“Listen! I took the case of children only to make my case clearer. Of the other tears of humanity with which the earth is soaked from its crust to its center, I will say nothing. I have narrowed my subject on purpose. I am a bug, and I recognize in all humility that I cannot understand why the world is arranged as it is. Men are themselves to blame, I suppose; they were given paradise, they wanted freedom, and stole fire from heaven, though they knew they would become unhappy, so there is no need to pity them. With my pitiful, earthly, Euclidian understanding, all I know is that there is suffering and that there are none guilty; that cause follows effect, simply and directly; that everything flows and finds its level—but that’s only Euclidian nonsense, I know that, and I can’t consent to live by it! What comfort is it to me that there are none guilty and that cause follows effect simply and directly, and that I know it?—I must have justice, or I will destroy myself. And not justice in some remote infinite time and space, but here on earth, and that I could see myself. I have believed in it. I want to see it, and if I am dead by then, let me rise again, for if it all happens without me, it will be too unfair. Surely I haven’t suffered simply that I, my crimes and my sufferings, may manure the soil of the future harmony for somebody else. I want to see with my own eyes the hind lie down with the lion and the victim rise up and embrace his murderer. I want to be there when everyone suddenly understands what it has all been for. All the religions of the world are built on this longing, and I am a believer. But then there are the children, and what am I to do about them? That’s a question I can’t answer. For the hundredth time I repeat, there are numbers of questions, but I’ve only taken the children, because in their case what I mean is so unanswerably clear. Listen! If all must suffer to pay for the eternal harmony, what have children to do with it, tell me, please? It’s beyond all comprehension why they should suffer, and why they should pay for the harmony. Why should they, too, furnish material to enrich the soil for the harmony of the future? I understand solidarity in sin among men. I understand solidarity in retribution, too; but there can be no such solidarity with children. And if it is really true that they must share responsibility for all their fathers’ crimes, such a truth is not of this world and is beyond my comprehension. Some jester will say, perhaps, that the child would have grown up and have sinned, but you see he didn’t grow up, he was torn to pieces by the dogs, at eight years old. Oh, Alyosha, I am not blaspheming! I understand, of course, what an upheaval of the universe it will be when everything in heaven and earth blends in one hymn of praise and everything that lives and has lived cries aloud: ‘Thou art just, O Lord, for Thy ways are revealed.’ When the mother embraces the fiend who threw her child to the dogs, and all three cry aloud with tears, ‘Thou art just, O Lord!’ then, of course, the crown of knowledge will be reached and all will be made clear. But what pulls me up here is that I can’t accept that harmony. And while I am on earth, I make haste to take my own measures. You see, Alyosha, perhaps it really may happen that if I live to that moment, or rise again to see it, I, too, perhaps, may cry aloud with the rest, looking at the mother embracing the child’s torturer, ‘Thou art just, O Lord!’ but I don’t want to cry aloud then. While there is still time, I hasten to protect myself, and so I renounce the higher harmony altogether. It’s not worth the tears of that one tortured child who beat itself on the breast with its little fist and prayed in its stinking outhouse, with its unexpiated tears to ‘dear, kind God’! It’s not worth it, because those tears are unatoned for. They must be atoned for, or there can be no harmony. But how? How are you going to atone for them? Is it possible? By their being avenged? But what do I care for avenging them? What do I care for a hell for oppressors? What good can hell do, since those children have already been tortured? And what becomes of harmony, if there is hell? I want to forgive. I want to embrace. I don’t want more suffering. And if the sufferings of children go to swell the sum of sufferings which was necessary to pay for truth, then I protest that the truth is not worth such a price. I don’t want the mother to embrace the oppressor who threw her son to the dogs! She dare not forgive him! Let her forgive him for herself, if she will, let her forgive the torturer for the immeasurable suffering of her mother’s heart. But the sufferings of her tortured child she has no right to forgive; she dare not forgive the torturer, even if the child were to forgive him! And if that is so, if they dare not forgive, what becomes of harmony? Is there in the whole world a being who would have the right to forgive and could forgive? I don’t want harmony. From love for humanity I don’t want it. I would rather be left with the unavenged suffering. I would rather remain with my unavenged suffering and unsatisfied indignation, even if I were wrong. Besides, too high a price is asked for harmony; it’s beyond our means to pay so much to enter on it. And so I hasten to give back my entrance ticket, and if I am an honest man I am bound to give it back as soon as possible. And that I am doing. It’s not God that I don’t accept, Alyosha, only I most respectfully return him the ticket.”  “That’s rebellion,” murmured Alyosha, looking down.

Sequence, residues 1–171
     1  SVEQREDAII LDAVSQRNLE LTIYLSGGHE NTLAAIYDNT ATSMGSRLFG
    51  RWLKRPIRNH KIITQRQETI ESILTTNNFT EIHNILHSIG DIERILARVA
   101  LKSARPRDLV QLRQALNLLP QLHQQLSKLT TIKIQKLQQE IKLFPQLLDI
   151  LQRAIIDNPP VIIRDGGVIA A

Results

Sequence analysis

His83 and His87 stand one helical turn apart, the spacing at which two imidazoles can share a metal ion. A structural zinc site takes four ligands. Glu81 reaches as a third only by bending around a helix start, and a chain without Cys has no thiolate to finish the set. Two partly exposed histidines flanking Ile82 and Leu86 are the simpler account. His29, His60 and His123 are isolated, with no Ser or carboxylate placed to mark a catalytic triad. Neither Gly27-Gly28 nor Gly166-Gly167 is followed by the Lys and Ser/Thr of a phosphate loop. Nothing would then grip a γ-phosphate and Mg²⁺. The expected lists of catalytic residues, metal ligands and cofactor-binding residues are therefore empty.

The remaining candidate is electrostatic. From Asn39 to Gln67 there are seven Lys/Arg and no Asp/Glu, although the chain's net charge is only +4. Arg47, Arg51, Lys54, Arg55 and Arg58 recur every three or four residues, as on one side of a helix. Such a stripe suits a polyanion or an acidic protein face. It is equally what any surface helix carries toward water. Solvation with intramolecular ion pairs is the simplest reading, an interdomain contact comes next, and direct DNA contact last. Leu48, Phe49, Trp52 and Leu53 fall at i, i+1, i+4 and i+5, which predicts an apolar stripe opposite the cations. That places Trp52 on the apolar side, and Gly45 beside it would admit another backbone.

“Rebellion? I am sorry you call it that,” said Ivan earnestly. “One can hardly live in rebellion, and I want to live. Tell me yourself, I challenge your answer. Imagine that you are creating a fabric of human destiny with the object of making men happy in the end, giving them peace and rest at last, but that it was essential and inevitable to torture to death only one tiny creature—that baby beating its breast with its fist, for instance—and to found that edifice on its unavenged tears, would you consent to be the architect on those conditions? Tell me, and tell the truth.”